Four days after storm, large swath of Panhandle suffering
Animals in rural areas trapped, in need of food
MEXICO BEACH, Fla. - Crews with backhoes and other heavy equipment scooped up splintered boards, broken glass, chunks of asphalt and other debris in hurricane-flattened Mexico Beach on Sunday as the mayor held out hope for the 250 or so residents who may have tried to ride out the storm.
The death toll from Michael's destructive march from Florida to Virginia stood at 17, with just one confirmed death so far in this Florida Panhandle town of about 1,000 people that took a direct hit from the hurricane and its 155 mph (250 kph) winds last week.
Crews worked to clear building debris along with the rubble from a collapsed section of the beachfront highway.
Mayor Al Cathey estimated 250 residents stayed behind when the hurricane struck, and he said he remained hopeful about their fate. He said search-and-rescue teams in the beach town had already combed areas with the worst damage.
"If we lose only one life, to me that's going to be a miracle," Cathey said.
He said enough food and water had been brought in for the residents who remain. Even some cellphone service had returned to the devastated community.
A framed portrait of Jesus was propped Sunday facing out of the window of Diana Hughes' home in Mexico Beach. She rode out the hurricane on the couch huddled with her dog and her ex-husband.
The storm peeled off a small section of the roof and a few inches of water got in the single-story house. But the pickup truck wouldn't start after getting swamped with water. Hughes still had her home, but no way to leave it.
"We need a generator, but we just lack transportation," Hughes said on her front porch. "We've got food and we've got water. But we've got to keep ice in the refrigerator so the food won't spoil. You can only eat so many crackers."
President Donald Trump plans to visit Florida and Georgia on Monday to see the damage.
Four days after the storm struck, a large swath of the Panhandle was suffering, from little beach towns to the larger Panama City to rural communities miles from where the hurricane came ashore. More than 190,000 homes and businesses in Florida were without electricity, along with about 120,000 in Georgia.
"There are a lot of inland areas, some of these poor rural counties to the north of there. These counties took a devastating hit," Sen. Marco Rubio said on NBC's "Meet The Press."
"And we are talking about poor people, many of them are older, miles from each other, isolated in many cases from roads, including some dirt roads that are cut off right now. We haven't been able to reach those people in a number of days."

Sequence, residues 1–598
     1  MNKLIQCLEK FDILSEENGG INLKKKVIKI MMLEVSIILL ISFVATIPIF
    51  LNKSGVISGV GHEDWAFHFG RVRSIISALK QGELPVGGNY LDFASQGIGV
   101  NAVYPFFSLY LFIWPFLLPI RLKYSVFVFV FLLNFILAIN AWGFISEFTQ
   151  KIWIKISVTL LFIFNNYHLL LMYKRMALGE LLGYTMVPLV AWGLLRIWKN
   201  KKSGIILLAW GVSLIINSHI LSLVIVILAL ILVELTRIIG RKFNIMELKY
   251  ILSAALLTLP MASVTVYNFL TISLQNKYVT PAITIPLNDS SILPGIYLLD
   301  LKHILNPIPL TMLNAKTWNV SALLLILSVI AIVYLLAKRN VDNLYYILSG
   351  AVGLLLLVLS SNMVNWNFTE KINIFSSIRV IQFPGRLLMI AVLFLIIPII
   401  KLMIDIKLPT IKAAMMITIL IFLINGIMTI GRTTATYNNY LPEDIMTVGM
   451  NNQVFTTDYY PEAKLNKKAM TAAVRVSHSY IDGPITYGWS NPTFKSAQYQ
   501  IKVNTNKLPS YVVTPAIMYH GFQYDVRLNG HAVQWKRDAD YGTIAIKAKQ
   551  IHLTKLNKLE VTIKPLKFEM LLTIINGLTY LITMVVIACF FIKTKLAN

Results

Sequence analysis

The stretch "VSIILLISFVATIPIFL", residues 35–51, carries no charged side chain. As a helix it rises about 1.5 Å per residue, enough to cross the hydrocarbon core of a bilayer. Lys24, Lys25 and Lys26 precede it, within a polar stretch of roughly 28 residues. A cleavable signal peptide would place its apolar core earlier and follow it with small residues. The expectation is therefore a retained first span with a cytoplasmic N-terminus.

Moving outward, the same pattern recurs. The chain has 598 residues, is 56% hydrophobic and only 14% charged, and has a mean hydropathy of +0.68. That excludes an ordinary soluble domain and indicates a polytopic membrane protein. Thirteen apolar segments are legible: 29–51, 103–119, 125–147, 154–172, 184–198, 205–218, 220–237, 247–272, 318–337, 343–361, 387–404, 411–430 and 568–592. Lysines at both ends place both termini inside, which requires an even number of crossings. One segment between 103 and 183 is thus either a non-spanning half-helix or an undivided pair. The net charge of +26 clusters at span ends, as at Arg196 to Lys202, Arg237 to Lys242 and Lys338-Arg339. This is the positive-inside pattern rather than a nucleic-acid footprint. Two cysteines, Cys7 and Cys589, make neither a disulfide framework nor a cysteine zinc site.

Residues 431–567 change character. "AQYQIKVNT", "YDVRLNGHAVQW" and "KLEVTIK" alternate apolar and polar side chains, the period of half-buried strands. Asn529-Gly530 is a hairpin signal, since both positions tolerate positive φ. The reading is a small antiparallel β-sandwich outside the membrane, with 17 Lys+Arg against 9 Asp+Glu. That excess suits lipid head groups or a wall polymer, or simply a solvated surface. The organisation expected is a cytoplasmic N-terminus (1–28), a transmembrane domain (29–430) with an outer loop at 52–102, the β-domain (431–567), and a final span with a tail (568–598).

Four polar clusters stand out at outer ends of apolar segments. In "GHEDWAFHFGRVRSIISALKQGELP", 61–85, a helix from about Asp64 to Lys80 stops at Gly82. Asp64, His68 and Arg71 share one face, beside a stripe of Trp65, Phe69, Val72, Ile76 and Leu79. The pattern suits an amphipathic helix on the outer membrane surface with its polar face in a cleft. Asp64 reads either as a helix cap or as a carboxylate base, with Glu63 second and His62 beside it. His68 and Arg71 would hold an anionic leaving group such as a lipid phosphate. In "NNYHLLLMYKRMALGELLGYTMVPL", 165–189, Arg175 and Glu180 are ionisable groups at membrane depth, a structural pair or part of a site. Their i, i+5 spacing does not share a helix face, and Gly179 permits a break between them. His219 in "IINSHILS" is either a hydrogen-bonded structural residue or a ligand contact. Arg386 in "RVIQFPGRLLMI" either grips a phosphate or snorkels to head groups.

In downtown Marianna, Florida, the facades of historic buildings lay in pieces on the ground across from the courthouse. Jill Braxton stopped with a pickup truck loaded with hay, saying many people in rural areas nearby had trapped animals and needed supplies for their livestock.
"We're just trying to help some other people who may not be able to get out of their driveways for a couple of days," Braxton said. "There was a girl that had trapped horses, horses that were down, and horses that really needed vet care that could not get there. There's been animals killed. People lost their cows."
Some victims stranded by the storm managed to summon relief by using logs to spell out "HELP" on the ground, officials in Bay County, which includes Mexico Beach, said in a Facebook post. Official said someone from another county was using an aerial mapping app, noticed the distress message and contacted authorities.
No details were released on who was stranded and what sort of help was needed.
Meanwhile, Sen. Bill Nelson said Tyndall Air Force Base on the Panhandle was heavily damaged, but he promised it would be rebuilt. The Florida Democrat and member of the Armed Services Committee said older buildings on the base were demolished, while newer ones will need substantial repairs.
The base is home to some of the nation's most advanced fighter jets, and Nelson said some hangars were damaged severely. But he gave no information on how many planes were on the base during the storm or how many were damaged.
For the few residents remaining in Mexico Beach, conditions were treacherous.
Steve Lonigan was outside his home, talking with neighbor Jim Ostman, when a loud cracking sound made both men jump. It was just a small wooden block shifting in the sand beneath the weight of the front end of Lonigan's camper trailer.
"All this stuff is just dangerous," Ostman said, glancing at the destruction all around. "It's so unstable."
Lonigan and his wife returned Sunday after evacuating to Georgia. Seawater surged into his home, leaving a soggy mess of mud and leaves, even though the house stands 12 feet (3.7 meters) above ground on concrete blocks.
The single-story house had broken windows, and part of its roof and front steps were missing. Lonigan used a ladder to climb inside.
"We've got a lot more left than other people," he said. "We were able to sleep in the bedroom last night."
In hard-hit Panama City, pastor John Blount held Sunday services at St. Andrew United Methodist Church outdoors, in front of a wall demolished by the storm. Afterward, the church held a large cookout for the storm-weary.
More roads were becoming passable as crews cleared trees and power lines, but traffic lights remained out and there were long lines at the few open gas stations.
Florida officials evacuated nearly 3,000 inmates from two hurricane-damaged prisons — the Gulf Correctional Institution and Annex and Calhoun Correctional Institution. They had damage to the roof and the infrastructure critical for security, authorities said. No inmates or staff members were injured.
Contributors in Florida include Associated Press writers Russ Bynum in Mexico Beach, Brendan Farrington in Panama City, Gary Fineout in Tallahassee and AP Photographer Gerald Herbert in Panama City.